Support Services
Advocates (Special Education), Educational Advocacy
Ages Supported
1-5 Grade,11-12 Grade,6-8 Grade,9-10 Grade,Kindergarten,Preschool

Data Provided By:
Data Provided By:

Autism, Homework & Beyond

Autism, homework & beyond

Michelle Garcia Winner

Our daily lives are made up of an endless stream of thoughts, decisions, actions and reactions to the people and environment in which we live. The internal and external actions fit together, sometimes seamlessly sometimes not, largely dependent upon a set of invisible yet highly important skills we call Executive Functioning (EF). These skills, which involve planning, organizing, sequencing, prioritizing, shifting attention, and time management can be well-developed in some people (think traffic controllers, wedding planners, business CEOs, etc.) and less developed in others. They are vital in all parts of life, from making coffee to running a profitable business. The skills develop naturally, without specific, formal training, and we all have them to some degree - or at least, we all assume we all have them.

Things are never quite as simple as they seem, and these EF skills are no exception. They require a multi-tiered hierarchy of decisions and actions, all coming together within the framework of time, knowledge and resources.

Imagine trying to navigate life when EF skills are impaired or nonexistent, as they are with individuals on the autism spectrum. For most of us, our imagination won't stretch that far. Therefore, we assume all these kids - especially those who are "bright" - have EF skills and we act and react to our spectrum children or students as if they did.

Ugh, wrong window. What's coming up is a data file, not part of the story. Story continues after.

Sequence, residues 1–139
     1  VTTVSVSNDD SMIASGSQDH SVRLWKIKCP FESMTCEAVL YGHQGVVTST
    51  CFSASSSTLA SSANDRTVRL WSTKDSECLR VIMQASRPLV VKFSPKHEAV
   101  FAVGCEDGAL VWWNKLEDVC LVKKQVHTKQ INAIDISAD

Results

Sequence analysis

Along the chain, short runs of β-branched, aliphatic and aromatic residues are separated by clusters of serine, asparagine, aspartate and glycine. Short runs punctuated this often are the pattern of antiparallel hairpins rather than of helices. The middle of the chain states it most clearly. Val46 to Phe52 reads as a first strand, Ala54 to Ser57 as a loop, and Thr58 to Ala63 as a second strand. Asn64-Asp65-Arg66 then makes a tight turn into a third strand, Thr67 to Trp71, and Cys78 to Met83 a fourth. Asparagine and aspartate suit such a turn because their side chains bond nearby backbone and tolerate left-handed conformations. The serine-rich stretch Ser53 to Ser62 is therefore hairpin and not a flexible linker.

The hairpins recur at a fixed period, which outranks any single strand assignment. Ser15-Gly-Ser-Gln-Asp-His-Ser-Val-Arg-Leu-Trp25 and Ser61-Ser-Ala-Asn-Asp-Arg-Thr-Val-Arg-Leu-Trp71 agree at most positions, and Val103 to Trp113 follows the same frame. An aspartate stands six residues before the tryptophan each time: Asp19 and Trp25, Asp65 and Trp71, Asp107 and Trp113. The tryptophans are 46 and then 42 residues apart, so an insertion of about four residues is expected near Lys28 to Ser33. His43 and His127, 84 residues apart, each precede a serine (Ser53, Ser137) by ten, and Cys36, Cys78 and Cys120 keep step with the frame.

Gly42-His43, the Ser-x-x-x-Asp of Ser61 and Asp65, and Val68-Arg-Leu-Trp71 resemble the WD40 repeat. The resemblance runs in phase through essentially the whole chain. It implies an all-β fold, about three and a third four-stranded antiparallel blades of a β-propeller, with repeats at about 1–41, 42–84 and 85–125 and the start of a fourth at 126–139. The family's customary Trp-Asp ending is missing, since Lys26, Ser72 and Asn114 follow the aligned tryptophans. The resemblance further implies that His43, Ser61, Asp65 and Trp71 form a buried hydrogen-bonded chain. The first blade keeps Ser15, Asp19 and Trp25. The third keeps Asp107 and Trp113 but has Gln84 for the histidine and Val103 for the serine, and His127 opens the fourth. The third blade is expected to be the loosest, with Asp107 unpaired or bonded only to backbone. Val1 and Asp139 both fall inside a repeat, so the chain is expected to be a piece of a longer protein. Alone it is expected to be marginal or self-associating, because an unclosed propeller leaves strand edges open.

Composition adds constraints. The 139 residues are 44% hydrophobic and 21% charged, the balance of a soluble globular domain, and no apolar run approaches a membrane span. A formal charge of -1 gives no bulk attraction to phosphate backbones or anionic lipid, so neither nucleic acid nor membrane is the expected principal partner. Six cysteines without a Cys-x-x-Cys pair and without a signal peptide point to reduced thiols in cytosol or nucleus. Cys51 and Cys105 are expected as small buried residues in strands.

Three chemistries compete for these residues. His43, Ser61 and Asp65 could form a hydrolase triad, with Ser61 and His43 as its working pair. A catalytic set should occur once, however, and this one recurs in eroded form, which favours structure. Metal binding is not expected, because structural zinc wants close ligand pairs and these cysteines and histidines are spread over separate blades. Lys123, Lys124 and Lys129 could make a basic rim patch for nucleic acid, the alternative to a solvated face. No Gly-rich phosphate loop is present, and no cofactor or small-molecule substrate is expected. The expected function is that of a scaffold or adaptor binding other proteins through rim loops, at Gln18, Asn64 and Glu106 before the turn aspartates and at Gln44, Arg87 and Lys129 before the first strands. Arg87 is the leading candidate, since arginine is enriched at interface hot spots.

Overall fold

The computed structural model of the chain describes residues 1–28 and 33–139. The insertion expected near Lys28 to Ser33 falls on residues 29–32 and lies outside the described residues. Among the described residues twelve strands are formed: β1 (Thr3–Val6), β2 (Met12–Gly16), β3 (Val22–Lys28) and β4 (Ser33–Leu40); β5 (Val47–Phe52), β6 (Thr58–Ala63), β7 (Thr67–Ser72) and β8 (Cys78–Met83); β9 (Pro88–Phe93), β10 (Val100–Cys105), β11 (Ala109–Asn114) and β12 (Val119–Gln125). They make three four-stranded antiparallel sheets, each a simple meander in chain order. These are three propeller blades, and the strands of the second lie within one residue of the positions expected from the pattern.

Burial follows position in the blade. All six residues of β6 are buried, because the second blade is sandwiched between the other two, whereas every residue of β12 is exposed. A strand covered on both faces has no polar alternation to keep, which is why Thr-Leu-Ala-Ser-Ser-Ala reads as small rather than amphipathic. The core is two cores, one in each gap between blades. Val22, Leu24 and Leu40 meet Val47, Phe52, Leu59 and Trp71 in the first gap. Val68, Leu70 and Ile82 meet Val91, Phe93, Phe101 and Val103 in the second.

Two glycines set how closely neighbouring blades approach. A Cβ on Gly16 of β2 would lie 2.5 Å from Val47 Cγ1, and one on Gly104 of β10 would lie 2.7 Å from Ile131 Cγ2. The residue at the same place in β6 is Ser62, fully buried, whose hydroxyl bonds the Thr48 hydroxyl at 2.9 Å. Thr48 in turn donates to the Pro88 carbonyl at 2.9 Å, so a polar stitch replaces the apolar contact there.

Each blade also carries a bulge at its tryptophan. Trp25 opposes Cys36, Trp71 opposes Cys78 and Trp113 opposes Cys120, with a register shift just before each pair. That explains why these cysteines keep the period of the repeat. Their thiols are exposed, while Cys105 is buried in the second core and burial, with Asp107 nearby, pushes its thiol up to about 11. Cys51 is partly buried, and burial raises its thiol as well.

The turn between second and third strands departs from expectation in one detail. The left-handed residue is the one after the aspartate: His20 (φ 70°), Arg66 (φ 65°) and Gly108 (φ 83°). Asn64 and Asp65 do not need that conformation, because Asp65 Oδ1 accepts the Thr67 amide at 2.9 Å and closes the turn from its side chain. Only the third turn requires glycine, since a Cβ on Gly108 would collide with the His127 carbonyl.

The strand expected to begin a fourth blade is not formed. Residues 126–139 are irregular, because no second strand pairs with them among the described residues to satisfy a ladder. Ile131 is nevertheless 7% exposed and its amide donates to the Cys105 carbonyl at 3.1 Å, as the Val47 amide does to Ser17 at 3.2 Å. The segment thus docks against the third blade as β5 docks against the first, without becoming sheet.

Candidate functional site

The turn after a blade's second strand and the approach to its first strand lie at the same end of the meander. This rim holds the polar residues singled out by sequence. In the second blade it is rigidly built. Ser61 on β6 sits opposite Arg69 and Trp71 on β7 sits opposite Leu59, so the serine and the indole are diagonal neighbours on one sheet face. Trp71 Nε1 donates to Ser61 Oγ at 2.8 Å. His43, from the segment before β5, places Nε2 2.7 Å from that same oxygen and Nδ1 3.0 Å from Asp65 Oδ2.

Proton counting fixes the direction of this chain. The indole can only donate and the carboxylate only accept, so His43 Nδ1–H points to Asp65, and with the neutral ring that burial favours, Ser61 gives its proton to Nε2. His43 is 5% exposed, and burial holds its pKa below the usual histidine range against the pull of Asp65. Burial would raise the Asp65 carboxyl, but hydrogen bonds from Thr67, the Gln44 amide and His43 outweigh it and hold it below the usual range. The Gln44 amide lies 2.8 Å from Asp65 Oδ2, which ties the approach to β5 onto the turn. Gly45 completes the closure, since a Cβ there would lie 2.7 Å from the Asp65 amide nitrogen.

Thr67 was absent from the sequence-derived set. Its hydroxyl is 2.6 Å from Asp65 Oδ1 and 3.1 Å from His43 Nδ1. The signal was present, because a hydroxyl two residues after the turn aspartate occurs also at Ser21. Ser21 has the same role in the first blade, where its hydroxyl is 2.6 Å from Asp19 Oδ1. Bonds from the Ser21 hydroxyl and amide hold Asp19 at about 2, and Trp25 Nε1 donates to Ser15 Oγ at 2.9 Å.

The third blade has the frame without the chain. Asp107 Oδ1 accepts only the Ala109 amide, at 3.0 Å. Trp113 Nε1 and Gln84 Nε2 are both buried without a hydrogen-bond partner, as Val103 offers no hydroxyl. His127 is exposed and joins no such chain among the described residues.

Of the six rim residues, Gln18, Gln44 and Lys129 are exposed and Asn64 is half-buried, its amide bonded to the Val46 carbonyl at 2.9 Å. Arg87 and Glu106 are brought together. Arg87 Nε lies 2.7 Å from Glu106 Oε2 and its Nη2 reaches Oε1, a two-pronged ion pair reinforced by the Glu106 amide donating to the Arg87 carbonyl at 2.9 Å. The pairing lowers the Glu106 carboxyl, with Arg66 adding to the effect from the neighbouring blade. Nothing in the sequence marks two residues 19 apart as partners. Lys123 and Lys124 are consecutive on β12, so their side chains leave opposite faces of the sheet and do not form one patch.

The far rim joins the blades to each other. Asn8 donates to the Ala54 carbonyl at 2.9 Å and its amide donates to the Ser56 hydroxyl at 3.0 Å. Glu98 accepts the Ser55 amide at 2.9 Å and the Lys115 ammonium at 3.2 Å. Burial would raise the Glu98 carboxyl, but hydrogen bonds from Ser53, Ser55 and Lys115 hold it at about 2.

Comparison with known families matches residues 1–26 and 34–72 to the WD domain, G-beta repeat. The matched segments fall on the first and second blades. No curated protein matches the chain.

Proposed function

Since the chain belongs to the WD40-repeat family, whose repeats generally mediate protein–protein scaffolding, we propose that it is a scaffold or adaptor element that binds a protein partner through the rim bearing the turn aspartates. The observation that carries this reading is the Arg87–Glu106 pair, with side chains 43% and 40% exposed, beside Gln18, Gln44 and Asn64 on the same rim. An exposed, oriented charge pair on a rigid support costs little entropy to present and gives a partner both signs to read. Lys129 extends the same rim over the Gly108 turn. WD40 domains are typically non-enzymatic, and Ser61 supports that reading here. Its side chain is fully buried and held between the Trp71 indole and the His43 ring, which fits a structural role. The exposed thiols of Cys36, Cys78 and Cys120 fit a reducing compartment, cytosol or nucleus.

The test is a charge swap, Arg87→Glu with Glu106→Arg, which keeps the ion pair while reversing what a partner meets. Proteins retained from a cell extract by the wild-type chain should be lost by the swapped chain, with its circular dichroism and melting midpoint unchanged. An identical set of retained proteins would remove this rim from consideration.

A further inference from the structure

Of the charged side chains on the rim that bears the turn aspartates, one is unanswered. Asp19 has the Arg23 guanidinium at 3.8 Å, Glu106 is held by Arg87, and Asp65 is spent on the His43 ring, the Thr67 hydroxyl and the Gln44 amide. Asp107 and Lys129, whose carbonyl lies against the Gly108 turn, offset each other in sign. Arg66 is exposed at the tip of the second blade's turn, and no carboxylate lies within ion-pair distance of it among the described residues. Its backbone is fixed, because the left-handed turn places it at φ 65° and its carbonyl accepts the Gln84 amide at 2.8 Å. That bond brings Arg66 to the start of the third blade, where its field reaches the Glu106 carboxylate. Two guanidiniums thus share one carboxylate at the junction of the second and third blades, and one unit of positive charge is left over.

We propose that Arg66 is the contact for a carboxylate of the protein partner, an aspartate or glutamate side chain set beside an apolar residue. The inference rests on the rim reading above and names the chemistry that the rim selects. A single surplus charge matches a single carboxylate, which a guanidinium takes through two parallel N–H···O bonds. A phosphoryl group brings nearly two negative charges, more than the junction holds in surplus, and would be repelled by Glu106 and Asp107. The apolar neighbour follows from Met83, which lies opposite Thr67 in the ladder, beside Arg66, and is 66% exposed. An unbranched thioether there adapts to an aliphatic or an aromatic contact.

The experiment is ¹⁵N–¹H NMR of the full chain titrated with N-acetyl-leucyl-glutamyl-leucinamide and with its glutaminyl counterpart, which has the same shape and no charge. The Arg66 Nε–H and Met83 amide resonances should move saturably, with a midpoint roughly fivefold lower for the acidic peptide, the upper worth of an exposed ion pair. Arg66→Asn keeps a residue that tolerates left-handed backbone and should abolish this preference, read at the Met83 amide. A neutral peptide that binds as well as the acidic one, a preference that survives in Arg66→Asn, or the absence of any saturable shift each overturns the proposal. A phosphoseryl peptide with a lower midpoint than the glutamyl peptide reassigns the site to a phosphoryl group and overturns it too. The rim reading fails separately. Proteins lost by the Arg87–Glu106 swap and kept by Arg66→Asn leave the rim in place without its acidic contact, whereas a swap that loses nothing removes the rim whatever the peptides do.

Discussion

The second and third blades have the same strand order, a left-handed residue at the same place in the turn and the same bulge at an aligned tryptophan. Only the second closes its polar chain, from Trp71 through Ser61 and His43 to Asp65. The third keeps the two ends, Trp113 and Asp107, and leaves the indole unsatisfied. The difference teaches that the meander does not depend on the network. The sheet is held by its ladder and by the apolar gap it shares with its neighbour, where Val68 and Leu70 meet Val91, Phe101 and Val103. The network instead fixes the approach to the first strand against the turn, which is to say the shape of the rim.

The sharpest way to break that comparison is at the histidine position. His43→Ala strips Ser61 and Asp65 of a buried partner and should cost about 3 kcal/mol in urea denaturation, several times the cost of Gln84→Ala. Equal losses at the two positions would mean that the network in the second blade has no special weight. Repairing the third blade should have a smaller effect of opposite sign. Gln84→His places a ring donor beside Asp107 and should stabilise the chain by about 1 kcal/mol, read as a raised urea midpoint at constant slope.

Nowhere does this EF skill deficit cause more turmoil than in the area of homework, producing monstrous levels of anxiety and dread in students, parents and teachers alike. The myriad of details that need to be accomplished in a student's class, school day or week can overwhelm even the healthiest student; it can shut down our ASD kids.

I am regularly asked: if tasks are so overwhelming to their EF systems, should we just avoid having students deal with them? The answer is an unequivocal emphatic "NO!" Organizational skills are life skills, not just school skills, and even though they are "mandatory prerequisites" for succeeding at school, like social skills they are rarely directly taught. Few states include explicit teaching of EF skills in their "standards of education."

So where do we start? First, by understanding how complex organizational systems become by the time students reach middle school. We can only be good teachers if we appreciate the demands the skills we teach place on our students.

Second, by understanding organization as a skill set, which involves static and dynamic systems.

Static organizational systems and skills are structured: same thing, same time, same place, same way. Static organizational tasks are introduced in kindergarten, first and second grade. We break down tasks and ask students to explicitly complete very defined units of information, at a certain time and place. Write your name at the top of the page, read the instructions, complete the work, when done turn the paper over...

Click here to read the rest of this article from Autism Support Network